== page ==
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YouTube Live: Late to the Party?

YouTube Live: Late to the Party?

Over the last four years or so, a few websites have sprung up to offer anyone with at least a webcam and broadband the ability to do live TV online.  Websites like uStream, Justin.tv, Stickam and Livestream have made “lifecasting” and other forms of live streaming video possible.

Google’s YouTube, which has been famous for hosting video clips past and present, homemade and otherwise, had also been doing some occasional video streaming of live events during this time.  But that is nothing compared to what they have just come up with.  Yes, they’re venturing into what had been the territory of uStream and the others by starting up their own live streaming video service. Might they be late to the party?

Maybe not, thanks to YouTube being so well-known and well-established, with over 2 billion views a day. I used data from Alexa, which monitors website traffic, to figure out that YouTube, at #3 in terms of page views as of the time of this writing, is well ahead of uStream [421], Justin.tv [423], Livestream [1111] and Stickam [5335].

Yes, competition is good, and with YouTube’s top-of-the-chart traffic, I wouldn’t be surprised to see YouTube Live bring on more and more live video webcasts of shows and events to put them on a level with the uStreams and Stickams of the Internet world. The matter then becomes one of how those other streaming services will be impacted by the YouTube Live presence?

From what I have seen of YouTube Live’s video interface, it, like the others, does allow comments while the shows are in progress, despite some variations in design. I also notice that YouTube Live doesn’t have as many of the “pre-roll” or “interruptible” commercials that you’d find on them, at least not for now. Perhaps, I would think, Google can afford to not do “pre-roll”, but I wouldn’t hold my hopes up on YouTube Live going without “pre-roll” advertising forever.

At the same time, what YouTube Live is doing now allows only “certain YouTube partners with accounts in good standing” [no violations of copyright or Terms of Service] to provide live streaming video through a “beta platform” that is expected to improve “incrementally over time.” One thread on a YouTube help forum, though, asked if it’s going to be “spread out to the masses eventually?”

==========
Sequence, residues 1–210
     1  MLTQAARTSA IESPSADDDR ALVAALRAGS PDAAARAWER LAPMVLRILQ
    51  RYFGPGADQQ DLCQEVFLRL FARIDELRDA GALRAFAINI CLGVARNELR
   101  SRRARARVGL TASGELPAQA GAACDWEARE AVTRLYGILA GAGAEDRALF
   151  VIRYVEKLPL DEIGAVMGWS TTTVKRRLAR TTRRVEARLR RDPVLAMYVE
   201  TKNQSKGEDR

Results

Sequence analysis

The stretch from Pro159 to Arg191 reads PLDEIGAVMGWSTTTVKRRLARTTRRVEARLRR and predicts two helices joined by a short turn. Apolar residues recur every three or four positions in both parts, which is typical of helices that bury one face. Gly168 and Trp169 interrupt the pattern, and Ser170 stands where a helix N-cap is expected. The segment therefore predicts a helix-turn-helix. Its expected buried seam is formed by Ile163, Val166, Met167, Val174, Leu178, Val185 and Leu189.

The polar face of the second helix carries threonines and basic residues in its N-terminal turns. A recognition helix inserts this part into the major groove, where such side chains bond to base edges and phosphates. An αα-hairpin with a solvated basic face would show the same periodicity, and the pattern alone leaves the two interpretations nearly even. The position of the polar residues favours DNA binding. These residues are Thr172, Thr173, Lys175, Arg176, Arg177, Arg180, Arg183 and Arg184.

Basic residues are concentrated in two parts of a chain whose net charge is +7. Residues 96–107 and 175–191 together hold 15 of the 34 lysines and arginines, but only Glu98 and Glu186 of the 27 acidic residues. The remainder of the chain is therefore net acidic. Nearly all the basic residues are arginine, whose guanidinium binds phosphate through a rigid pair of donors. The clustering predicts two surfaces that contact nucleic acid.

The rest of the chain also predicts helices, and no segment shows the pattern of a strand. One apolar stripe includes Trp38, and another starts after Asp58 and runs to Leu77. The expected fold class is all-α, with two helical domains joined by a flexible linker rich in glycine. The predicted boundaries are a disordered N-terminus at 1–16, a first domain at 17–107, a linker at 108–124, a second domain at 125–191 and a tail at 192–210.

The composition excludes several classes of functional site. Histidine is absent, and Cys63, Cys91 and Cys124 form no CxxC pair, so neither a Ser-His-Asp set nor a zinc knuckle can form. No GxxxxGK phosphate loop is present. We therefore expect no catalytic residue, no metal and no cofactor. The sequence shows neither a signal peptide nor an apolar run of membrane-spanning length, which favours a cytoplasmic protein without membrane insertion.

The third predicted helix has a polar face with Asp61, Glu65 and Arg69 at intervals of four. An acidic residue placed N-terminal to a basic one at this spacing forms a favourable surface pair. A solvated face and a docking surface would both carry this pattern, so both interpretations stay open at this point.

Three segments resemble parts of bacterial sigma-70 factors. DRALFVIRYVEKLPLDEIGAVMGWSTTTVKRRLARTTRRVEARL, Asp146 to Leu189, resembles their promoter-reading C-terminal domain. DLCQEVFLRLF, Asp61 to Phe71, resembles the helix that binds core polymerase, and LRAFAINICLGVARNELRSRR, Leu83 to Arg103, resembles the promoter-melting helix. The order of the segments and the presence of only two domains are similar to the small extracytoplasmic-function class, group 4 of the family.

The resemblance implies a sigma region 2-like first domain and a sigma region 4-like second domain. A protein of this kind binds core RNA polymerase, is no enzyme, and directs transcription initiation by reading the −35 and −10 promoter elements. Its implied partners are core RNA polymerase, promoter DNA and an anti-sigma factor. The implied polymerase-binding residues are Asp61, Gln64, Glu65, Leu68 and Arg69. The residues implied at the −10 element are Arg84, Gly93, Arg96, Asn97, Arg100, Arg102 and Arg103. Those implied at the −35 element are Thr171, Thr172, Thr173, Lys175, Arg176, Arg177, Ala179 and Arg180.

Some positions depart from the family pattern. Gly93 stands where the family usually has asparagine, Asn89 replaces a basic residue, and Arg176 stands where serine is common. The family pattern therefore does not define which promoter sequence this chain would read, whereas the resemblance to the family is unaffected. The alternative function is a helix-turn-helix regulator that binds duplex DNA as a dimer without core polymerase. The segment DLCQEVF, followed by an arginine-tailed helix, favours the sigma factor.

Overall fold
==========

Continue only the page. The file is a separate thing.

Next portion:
YouTube has said in response to a similar question elsewhere in the forum that they “have no plans to roll this out to all users,” although they also said separately that they’re “working hard to enable the feature to as many partners as possible over the course of 2011.”

So for now, while I applaud YouTube’s initiative in creating its own regular live streaming service, I think that the current requirements for going live on YouTube, at least for the time being, may be somewhat limited, if not restrictive, if only because they expect you to have uploaded your own original content. But bearing in mind that it’s only in beta testing, I will hold out some degree of hope, though, that people who haven’t done anything original yet on YouTube, but have done so on uStream and other such places, will get their chance.

Do you think YouTube Live is a good idea?  Or do you think it has its flaws compared to what’s already out there?


About the Author
Author

Steve Byrd Steve has worked in everything from restaurants to radio sports production, and gives a perspective that's slightly above that of the average person about how the Internet has been an entertainment game-changer. You can regularly find Steve chiming in on a variety of online music-radio shows, as he often sits in the chat room as “information guru” during webcasts.


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